Sudan to Handover ex-President Omar al-Bashir to ICC

Sudan’s rulers agree to hand over ex-President Omar al-Bashir to the International Criminal Court on war crimes charges

Sudan transitional government has announced it will hand over Omar al-Bashir to face the ICC.


A top Sudanese transitional government official has announced on Tuesday that they have agreed with rebel groups to hand over ex-President Omar al-Bashir to the International Criminal Court.

Al-Bashir, who was overthrown by the military last year amid a public uprising, is wanted by the ICC on charges of crimes against humanity and genocide related to the Darfur conflict.

The commitment came at peace talks between Sudan’s government and rebel groups from the Darfur region in South Sudan’s capital, Juba.

Authorities said the former president, and others charged by the ICC, should appear at The Hague to face a tribunal.

Mohammed Hassan al-Taishi, a member of the Sovereign Council and a government negotiator, said the council agreed with rebel groups in Darfur to hand over those wanted by the International Criminal Court to face justice in The Hague.

“Justice cannot be achieved if we don’t heal the wounds,” said Mohammed Hassan Eltaish.

“We agreed that everyone who had arrest warrants issued against them will appear before the ICC. I’m saying it very clearly,” he added.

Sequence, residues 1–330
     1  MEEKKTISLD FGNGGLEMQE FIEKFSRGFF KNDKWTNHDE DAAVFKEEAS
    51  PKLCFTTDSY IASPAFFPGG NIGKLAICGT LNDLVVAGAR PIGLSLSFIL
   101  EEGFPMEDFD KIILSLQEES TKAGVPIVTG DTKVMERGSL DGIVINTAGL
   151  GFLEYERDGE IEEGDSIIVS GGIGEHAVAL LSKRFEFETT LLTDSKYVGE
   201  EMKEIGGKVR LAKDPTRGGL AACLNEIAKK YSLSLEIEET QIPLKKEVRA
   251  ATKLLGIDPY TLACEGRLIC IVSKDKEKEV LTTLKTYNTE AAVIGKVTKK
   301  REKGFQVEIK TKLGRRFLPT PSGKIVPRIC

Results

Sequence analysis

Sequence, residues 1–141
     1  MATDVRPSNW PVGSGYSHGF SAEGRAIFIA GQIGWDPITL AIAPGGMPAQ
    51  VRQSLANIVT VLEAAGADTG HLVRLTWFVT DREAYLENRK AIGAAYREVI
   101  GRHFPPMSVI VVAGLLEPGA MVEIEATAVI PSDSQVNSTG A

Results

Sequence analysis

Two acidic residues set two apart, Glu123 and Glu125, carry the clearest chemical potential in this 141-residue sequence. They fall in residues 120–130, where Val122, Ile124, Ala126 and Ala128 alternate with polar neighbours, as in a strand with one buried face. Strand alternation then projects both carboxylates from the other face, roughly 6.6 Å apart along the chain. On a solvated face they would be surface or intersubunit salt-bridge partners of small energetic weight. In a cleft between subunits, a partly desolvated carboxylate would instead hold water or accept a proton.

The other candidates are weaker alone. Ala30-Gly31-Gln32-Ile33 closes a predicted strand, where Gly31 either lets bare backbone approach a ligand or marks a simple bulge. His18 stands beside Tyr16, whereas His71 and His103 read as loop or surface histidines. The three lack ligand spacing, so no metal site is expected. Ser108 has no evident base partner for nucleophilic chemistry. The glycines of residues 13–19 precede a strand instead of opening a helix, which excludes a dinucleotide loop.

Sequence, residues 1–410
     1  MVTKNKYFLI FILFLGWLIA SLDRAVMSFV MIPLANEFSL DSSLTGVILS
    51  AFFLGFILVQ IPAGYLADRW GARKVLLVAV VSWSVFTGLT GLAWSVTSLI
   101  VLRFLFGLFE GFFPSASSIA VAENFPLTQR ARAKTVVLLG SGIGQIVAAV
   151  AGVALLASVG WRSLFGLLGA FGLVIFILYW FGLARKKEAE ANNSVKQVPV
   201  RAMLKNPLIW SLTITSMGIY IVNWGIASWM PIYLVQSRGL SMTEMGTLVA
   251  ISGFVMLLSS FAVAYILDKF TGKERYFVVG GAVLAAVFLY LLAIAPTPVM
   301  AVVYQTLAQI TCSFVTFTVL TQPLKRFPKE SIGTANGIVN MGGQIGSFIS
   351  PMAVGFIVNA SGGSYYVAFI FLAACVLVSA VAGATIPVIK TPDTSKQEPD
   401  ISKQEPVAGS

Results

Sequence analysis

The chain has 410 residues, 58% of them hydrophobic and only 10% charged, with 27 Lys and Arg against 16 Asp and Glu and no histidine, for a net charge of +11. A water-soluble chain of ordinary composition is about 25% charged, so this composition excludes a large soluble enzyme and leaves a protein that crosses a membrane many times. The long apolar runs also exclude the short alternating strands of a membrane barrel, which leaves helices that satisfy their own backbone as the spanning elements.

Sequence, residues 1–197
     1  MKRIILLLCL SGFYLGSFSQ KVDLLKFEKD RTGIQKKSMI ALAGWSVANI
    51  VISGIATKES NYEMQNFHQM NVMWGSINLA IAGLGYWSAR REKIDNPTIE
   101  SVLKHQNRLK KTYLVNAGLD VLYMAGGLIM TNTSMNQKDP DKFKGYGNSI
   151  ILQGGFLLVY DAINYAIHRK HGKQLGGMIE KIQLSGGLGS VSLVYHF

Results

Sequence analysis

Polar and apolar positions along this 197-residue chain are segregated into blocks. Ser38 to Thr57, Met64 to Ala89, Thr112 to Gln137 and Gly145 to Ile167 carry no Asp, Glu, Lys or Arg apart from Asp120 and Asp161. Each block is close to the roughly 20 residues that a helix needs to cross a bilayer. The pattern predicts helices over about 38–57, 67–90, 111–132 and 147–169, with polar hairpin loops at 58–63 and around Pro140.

Al-Taishi did not say when they would transfer al-Bashir or others wanted by the court, and the transitional administration would need to ratify the ICC’s Rome Statute to allow for the transfer the former president to The Hague.

Since his ouster in April, he has been in jail in Sudan’s capital, Khartoum, on charges of corruption and killing protesters.

The ICC first charged al-Bashir with involvement in crimes in Darfur on March 4, 2009, and again on July 12, 2010. His case marked the first time the global court had charged a suspect with genocide.

Al-Bashir faces three counts of genocide, five of crimes against humanity and two of war crimes for allegedly leading the deadly crackdown by government forces and Janjaweed militia on the Darfur region from 2003.

Al-Bashir was long seen as a poster boy for impunity in Africa and out of reach of the ICC. Despite international arrest warrants issued by the ICC he regularly flew to visit leaders around the world apparently without fear of arrest.

* The BBC News and Associated Press contributed to this story.